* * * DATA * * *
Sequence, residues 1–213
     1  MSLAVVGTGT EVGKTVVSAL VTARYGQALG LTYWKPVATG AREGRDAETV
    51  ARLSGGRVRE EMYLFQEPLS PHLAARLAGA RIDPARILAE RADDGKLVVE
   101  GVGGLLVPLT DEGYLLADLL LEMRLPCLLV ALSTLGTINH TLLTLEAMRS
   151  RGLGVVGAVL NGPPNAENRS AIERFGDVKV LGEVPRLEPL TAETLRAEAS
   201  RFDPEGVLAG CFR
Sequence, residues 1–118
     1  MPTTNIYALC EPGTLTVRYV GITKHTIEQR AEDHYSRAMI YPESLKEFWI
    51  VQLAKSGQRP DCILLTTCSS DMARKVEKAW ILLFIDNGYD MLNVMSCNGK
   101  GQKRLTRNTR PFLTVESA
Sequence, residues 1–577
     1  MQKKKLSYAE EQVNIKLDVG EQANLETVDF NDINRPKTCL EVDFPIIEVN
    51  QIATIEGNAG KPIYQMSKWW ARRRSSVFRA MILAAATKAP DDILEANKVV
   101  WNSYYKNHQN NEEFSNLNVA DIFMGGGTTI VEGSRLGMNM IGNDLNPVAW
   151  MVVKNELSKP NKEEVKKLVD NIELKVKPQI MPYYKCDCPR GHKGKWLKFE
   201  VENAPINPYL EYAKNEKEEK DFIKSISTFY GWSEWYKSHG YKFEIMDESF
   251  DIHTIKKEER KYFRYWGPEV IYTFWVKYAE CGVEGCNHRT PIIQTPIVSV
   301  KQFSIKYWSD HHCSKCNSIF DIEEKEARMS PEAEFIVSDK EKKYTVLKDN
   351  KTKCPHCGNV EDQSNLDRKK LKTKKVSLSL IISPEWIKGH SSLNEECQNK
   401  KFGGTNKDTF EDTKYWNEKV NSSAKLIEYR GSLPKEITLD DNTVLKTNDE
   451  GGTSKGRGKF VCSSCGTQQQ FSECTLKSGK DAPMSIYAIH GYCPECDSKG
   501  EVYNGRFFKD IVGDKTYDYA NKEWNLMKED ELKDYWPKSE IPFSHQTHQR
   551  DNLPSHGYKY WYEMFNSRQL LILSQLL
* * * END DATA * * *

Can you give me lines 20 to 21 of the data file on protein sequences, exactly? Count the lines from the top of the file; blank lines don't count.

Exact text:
   401  KFGGTNKDTF EDTKYWNEKV NSSAKLIEYR GSLPKEITLD DNTVLKTNDE
   451  GGTSKGRGKF VCSSCGTQQQ FSECTLKSGK DAPMSIYAIH GYCPECDSKG